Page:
A more modern example(using boxing) would be.

The student that is before me has dropped his guard on the left side of his head while throwing a right hand punch. By stepping with my right foot around his left I turn my body and plant my right fist into his chin, and by doing this will make your whole body without strength or worse.

All I am saying here is volta if your opponant has a weak guard. But by telling you what to expect from both parties it makes more sense.

Basically he is telling you not only how to do the technique, but also quite helpfully for us, what to expect from doing this from start to finish. Without this text we would have to make certain assumptions about techniqes that would make them less valid or martially sound.
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Postby swordflasher » 27 Oct 2009 11:19

HuubB wrote:

The funny thing about Fiore is that he seems to be a bit..how shall I say this...a bit dandy, like a rooster, showing his feathers :)


Can you say 'Italian'? :)
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Postby HuubB » 28 Oct 2009 02:19

swordflasher wrote:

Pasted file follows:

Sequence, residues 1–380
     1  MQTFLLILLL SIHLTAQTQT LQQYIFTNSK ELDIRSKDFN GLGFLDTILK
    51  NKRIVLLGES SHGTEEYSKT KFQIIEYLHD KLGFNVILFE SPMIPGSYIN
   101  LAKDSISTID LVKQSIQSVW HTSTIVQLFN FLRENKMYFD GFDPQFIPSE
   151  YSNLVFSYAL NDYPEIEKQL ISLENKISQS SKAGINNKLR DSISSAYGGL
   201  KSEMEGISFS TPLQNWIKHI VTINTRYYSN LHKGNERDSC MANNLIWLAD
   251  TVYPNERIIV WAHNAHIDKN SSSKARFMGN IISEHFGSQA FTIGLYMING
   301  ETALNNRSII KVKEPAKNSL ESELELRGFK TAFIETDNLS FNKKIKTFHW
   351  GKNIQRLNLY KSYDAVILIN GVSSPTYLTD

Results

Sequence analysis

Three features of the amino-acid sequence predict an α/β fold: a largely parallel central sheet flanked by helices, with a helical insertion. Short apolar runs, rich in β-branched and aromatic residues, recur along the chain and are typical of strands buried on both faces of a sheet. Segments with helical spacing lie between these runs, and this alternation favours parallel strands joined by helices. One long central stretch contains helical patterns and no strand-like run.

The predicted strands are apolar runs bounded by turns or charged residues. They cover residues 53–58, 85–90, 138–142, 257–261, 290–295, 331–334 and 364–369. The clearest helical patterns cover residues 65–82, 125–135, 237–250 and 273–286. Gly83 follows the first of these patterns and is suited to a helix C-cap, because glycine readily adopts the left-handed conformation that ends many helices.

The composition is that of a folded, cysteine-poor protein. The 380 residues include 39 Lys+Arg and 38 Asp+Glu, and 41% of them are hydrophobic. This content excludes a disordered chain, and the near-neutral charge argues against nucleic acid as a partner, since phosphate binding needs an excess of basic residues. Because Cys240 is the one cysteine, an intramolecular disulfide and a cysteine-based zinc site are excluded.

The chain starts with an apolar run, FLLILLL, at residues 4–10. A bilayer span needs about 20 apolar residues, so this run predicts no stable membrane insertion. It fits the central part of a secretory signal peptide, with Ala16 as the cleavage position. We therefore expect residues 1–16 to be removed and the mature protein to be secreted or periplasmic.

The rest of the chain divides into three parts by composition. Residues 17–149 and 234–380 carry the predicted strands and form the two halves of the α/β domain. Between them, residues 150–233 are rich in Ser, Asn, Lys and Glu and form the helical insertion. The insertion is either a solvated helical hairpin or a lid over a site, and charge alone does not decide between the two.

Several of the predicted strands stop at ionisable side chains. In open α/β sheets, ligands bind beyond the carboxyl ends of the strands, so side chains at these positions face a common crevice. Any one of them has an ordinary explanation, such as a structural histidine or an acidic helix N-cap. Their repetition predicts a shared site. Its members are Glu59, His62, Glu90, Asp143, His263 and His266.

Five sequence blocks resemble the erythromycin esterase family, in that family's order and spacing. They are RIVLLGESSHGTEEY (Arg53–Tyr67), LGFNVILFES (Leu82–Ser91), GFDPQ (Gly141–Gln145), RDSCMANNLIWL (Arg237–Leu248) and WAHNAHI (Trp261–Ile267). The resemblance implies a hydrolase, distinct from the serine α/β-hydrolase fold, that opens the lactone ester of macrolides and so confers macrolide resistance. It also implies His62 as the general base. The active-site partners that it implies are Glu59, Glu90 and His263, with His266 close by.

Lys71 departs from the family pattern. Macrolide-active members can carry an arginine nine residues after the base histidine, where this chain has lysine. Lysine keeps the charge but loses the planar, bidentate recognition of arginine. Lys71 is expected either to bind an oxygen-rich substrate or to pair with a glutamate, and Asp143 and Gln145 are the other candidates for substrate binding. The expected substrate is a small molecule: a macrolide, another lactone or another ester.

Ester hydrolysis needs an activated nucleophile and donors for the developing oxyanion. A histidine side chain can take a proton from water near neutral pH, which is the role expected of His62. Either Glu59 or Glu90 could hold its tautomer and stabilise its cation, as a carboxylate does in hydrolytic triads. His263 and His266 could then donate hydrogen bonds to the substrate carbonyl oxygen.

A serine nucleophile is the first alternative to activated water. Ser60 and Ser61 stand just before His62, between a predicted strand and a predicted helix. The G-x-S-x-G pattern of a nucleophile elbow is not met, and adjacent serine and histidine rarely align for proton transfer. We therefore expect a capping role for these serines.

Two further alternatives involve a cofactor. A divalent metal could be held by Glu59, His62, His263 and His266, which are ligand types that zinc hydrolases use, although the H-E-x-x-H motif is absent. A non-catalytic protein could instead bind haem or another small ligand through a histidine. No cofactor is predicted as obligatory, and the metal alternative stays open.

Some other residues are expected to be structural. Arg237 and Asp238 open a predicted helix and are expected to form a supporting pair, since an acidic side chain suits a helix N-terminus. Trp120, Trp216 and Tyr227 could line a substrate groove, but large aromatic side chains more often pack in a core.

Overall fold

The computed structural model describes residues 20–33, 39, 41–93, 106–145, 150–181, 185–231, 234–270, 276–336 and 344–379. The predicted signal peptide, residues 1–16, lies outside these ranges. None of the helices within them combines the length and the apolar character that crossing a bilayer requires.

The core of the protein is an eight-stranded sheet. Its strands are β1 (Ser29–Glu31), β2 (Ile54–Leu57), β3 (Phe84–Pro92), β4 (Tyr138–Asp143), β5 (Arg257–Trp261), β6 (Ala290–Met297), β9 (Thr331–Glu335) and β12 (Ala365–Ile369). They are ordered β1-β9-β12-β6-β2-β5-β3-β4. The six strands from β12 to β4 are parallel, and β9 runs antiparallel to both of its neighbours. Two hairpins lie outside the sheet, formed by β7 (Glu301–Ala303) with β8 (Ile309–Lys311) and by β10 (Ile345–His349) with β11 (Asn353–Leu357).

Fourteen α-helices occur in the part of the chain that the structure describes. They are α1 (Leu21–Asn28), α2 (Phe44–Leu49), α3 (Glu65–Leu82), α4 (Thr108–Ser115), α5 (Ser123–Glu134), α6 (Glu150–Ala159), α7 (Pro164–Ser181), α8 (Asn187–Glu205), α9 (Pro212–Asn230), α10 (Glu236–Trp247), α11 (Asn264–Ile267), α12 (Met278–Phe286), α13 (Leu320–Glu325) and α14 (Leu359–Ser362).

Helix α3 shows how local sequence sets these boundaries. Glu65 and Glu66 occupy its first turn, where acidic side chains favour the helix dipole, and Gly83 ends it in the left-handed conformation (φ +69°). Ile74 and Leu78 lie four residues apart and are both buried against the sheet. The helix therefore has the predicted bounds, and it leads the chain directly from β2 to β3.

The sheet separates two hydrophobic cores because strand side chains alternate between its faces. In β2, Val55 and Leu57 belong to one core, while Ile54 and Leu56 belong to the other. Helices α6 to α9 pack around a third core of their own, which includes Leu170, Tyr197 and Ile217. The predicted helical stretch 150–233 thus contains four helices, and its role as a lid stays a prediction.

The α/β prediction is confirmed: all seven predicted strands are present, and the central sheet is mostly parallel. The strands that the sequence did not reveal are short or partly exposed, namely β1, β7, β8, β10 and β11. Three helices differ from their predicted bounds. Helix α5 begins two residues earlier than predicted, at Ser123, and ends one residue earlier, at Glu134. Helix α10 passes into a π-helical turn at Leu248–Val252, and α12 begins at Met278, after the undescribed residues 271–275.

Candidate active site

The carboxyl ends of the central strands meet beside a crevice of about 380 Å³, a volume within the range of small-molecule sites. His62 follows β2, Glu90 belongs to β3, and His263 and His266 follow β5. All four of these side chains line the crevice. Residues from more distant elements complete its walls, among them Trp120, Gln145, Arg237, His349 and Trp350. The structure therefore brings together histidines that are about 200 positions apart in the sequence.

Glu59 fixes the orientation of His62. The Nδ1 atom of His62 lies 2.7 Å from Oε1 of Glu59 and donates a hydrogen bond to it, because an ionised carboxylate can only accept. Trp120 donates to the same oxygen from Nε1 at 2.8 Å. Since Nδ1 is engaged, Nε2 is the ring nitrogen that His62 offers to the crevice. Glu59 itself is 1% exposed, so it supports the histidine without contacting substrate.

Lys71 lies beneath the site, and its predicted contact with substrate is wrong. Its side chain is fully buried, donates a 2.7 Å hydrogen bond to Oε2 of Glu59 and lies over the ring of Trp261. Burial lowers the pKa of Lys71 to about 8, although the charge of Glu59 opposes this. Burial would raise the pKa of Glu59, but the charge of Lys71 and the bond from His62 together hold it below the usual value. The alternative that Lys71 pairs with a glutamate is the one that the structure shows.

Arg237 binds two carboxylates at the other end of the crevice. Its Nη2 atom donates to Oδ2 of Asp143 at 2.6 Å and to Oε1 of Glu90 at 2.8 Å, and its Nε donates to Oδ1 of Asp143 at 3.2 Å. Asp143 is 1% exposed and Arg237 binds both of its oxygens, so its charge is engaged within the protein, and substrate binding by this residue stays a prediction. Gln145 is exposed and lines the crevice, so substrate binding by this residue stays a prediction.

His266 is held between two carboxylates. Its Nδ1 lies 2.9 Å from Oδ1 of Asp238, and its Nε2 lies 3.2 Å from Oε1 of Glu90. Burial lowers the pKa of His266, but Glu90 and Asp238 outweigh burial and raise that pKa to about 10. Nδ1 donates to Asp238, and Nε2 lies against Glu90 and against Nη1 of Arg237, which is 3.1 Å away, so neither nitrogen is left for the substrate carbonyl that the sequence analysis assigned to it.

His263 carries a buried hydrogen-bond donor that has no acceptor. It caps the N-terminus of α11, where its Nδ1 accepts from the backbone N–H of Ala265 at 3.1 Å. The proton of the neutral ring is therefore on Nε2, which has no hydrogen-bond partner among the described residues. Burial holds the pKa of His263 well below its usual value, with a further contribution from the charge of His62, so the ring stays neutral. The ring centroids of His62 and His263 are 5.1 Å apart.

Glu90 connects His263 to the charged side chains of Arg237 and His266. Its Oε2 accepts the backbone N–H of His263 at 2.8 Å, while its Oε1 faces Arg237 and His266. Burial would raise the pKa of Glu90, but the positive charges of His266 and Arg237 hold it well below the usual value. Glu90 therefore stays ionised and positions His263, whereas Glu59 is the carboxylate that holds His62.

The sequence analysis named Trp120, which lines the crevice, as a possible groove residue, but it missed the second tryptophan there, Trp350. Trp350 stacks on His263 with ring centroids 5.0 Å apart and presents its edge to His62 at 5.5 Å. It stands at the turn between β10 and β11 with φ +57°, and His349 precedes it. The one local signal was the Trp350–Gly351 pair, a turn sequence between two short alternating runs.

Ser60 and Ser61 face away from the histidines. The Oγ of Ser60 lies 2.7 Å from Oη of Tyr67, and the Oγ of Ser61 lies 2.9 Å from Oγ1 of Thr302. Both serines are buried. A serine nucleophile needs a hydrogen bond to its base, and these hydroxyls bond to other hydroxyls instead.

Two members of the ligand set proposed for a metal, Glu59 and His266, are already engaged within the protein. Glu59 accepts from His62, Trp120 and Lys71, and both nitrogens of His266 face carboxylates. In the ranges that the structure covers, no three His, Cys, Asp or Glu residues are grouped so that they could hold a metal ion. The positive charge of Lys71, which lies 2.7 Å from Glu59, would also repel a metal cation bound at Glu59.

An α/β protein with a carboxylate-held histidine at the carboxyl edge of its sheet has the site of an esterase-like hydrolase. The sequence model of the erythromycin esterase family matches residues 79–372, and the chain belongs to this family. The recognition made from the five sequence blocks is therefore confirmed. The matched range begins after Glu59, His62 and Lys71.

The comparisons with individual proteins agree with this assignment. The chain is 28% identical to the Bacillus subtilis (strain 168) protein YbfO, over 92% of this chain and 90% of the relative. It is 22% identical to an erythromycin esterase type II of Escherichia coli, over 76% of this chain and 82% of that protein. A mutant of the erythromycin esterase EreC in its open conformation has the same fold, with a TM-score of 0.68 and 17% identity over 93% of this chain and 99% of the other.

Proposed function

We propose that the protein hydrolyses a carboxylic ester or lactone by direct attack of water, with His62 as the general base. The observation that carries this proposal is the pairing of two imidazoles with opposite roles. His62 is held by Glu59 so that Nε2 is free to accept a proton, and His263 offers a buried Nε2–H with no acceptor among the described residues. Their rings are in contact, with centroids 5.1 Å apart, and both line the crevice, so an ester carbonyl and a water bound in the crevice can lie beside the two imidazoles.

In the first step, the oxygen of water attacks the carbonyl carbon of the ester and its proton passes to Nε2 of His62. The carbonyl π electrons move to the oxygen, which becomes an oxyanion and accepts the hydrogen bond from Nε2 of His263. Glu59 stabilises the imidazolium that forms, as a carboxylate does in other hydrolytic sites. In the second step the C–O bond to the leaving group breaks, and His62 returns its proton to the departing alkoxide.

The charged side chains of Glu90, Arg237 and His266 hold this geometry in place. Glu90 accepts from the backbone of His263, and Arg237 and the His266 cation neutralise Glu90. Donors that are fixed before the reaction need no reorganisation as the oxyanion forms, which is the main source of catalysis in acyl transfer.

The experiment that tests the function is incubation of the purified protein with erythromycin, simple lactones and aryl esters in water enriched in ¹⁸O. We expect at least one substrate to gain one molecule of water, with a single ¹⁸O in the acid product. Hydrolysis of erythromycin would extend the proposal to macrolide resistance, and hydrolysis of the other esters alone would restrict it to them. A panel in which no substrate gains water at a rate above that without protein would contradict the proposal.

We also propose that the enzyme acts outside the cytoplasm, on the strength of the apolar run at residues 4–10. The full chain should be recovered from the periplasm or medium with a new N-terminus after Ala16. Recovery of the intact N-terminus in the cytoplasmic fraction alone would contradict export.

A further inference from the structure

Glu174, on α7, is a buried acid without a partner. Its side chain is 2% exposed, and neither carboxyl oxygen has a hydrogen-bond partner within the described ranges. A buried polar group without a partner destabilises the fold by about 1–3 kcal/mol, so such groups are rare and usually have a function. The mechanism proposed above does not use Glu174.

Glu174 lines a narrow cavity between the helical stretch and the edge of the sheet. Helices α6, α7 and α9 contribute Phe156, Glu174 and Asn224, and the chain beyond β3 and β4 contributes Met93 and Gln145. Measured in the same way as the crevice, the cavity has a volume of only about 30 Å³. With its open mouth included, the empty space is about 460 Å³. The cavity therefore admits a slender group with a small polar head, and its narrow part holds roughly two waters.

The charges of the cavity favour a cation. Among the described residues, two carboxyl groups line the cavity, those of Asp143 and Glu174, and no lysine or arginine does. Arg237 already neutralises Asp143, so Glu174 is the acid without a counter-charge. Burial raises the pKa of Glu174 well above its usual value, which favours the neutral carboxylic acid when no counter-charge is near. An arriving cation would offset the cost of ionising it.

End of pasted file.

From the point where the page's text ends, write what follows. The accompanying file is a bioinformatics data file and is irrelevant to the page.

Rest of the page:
HuubB wrote:

The funny thing about Fiore is that he seems to be a bit..how shall I say this...a bit dandy, like a rooster, showing his feathers :)


Can you say 'Italian'? :)


Hihihi, :)

captain Bertorelli from the 'Allo, 'Allo series comes to mind now, lol!

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Postby Ken Osolinski » 28 Oct 2009 21:31

The Guardsman wrote:I always saw the text explaining the techniques(and still do), not as over confident/arrogant narrative, but the actual master of the technique explaining from its point of perspective in relation to that technique.

A more modern example(using boxing) would be.

The student that is before me has dropped his guard on the left side of his head while throwing a right hand punch. By stepping with my right foot around his left I turn my body and plant my right fist into his chin, and by doing this will make your whole body without strength or worse.

All I am saying here is volta if your opponant has a weak guard. But by telling you what to expect from both parties it makes more sense.

Basically he is telling you not only how to do the technique, but also quite helpfully for us, what to expect from doing this from start to finish. Without this text we would have to make certain assumptions about techniqes that would make them less valid or martially sound.